In many fields, experience can be impossible to gain without having some kind of qualification beforehand. Journalism can be a tricky one, particularly if you are applying for work experience before studying for an NCTJ, because there is so much competition. I was lucky that I was given the opportunity to do work experience at the newspaper because I was the first in over five years to do so, and I wasn’t even studying journalism! But I know of many student journalists who have struggled to get experience without already being enrolled on a journalism course. If you know that you want to study journalism, it is a good idea to just go for it and study for your NCTJ because some papers are unwilling to take on work experience students when they do not have skills like shorthand, or a knowledge of media law. Don’t do a journalism degree! I can’t stress this enough – I know so many journalists who have done a degree and then have had to pay to study for a NCTJ afterwards because they haven’t fulfilled all of the criteria. If you want to study a degree as well, why not do like I did and study English or another humanities subject you have an interest in? Just bear in mind it is important, particularly if you want to work for a newspaper or news site, to be qualified. But also bear in mind, that there are lost of people out there who are working as journalists and freelance writers who are unqualified. It is not necessary to have a NCTJ, but it is a helpful addition to your CV and skills.

Don’t feel like I am down on qualifications and how useful or important they are. I have always taken them very seriously, whether they were GCSE’s or final exams at university, and I always think it is worth working towards having an official document saying you can do something – even if you have known you can do it for ages before. It is an achievement for yourself, and it also proves to the world that you can do something. Being officially qualified puts you ahead of the pack, if two people go for an office manager job and one has completed a managing course and the other hasn’t – the employer will probably favour the one who has. When a potential employer is just looking at your CV, having an extra qualification on there can mean the difference between a new job and the dole. It can also mean a huge difference between the rate of pay – having an extra qualification can mean you are entitled to thousands more a year overall. It can also mean being paid significantly less than someone who is doing exactly the same job as you – soul destroying. I would always recommend trying to get a well-rounded CV packed with experience and qualifications – both will play a part in getting you where you want to be.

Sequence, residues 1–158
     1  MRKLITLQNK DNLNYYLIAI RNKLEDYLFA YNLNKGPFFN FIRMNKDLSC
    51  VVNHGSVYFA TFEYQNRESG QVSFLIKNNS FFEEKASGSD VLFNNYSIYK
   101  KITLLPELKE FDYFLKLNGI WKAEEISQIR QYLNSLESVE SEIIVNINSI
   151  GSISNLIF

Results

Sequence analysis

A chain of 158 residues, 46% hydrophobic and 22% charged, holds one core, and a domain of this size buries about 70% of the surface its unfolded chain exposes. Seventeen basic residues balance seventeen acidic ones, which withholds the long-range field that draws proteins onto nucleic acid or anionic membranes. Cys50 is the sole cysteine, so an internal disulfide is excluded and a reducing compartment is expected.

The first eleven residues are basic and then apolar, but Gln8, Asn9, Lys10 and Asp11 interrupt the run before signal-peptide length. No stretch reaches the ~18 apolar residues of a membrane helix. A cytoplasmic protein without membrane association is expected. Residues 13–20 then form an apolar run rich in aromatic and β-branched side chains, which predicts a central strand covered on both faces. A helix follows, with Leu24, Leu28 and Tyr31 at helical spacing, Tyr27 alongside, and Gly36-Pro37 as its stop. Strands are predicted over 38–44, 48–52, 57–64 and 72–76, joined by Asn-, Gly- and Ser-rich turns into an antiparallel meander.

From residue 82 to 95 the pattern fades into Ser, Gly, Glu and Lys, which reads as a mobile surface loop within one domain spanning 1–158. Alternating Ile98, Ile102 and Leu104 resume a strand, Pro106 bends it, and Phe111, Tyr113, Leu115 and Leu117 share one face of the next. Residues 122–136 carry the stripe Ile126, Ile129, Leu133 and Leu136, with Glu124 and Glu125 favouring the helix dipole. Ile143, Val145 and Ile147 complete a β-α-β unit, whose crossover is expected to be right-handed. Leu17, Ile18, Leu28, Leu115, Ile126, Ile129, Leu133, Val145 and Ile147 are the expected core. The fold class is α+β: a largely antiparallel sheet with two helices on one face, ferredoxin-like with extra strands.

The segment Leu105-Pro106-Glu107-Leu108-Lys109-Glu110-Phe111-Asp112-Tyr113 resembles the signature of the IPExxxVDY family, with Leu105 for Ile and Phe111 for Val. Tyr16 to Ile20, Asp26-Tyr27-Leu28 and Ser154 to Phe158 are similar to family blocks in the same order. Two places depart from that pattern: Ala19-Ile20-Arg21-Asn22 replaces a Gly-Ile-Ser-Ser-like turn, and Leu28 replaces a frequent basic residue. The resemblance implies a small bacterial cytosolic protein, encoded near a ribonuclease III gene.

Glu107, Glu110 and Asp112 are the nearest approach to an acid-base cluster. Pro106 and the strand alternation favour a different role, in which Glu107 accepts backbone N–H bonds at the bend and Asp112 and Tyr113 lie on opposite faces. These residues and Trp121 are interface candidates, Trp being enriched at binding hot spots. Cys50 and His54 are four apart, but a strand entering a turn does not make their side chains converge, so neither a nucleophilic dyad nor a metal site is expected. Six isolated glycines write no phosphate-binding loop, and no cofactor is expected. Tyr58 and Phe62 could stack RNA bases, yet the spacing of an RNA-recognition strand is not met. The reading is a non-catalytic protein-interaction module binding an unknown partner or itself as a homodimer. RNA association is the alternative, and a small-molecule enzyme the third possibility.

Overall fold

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But which one is more important to you? For me it has to be experience – as much as I love and am proud of my degree, I have found my working experiences invaluable. My time spent working at the newspaper and the festivals site has changed what I want to do with my life and has given me the confidence, knowledge and skills to achieve that with or without the qualifications. I see them as an added bonus to my life, but not something that will hold me back or prevent me from achieving my career dreams. I know that it will be different for those working in different fields – but I would love to know about your experiences of different industries.

Do qualifications or experience mean more to you? Which has played a larger part in bringing you closer to your dream?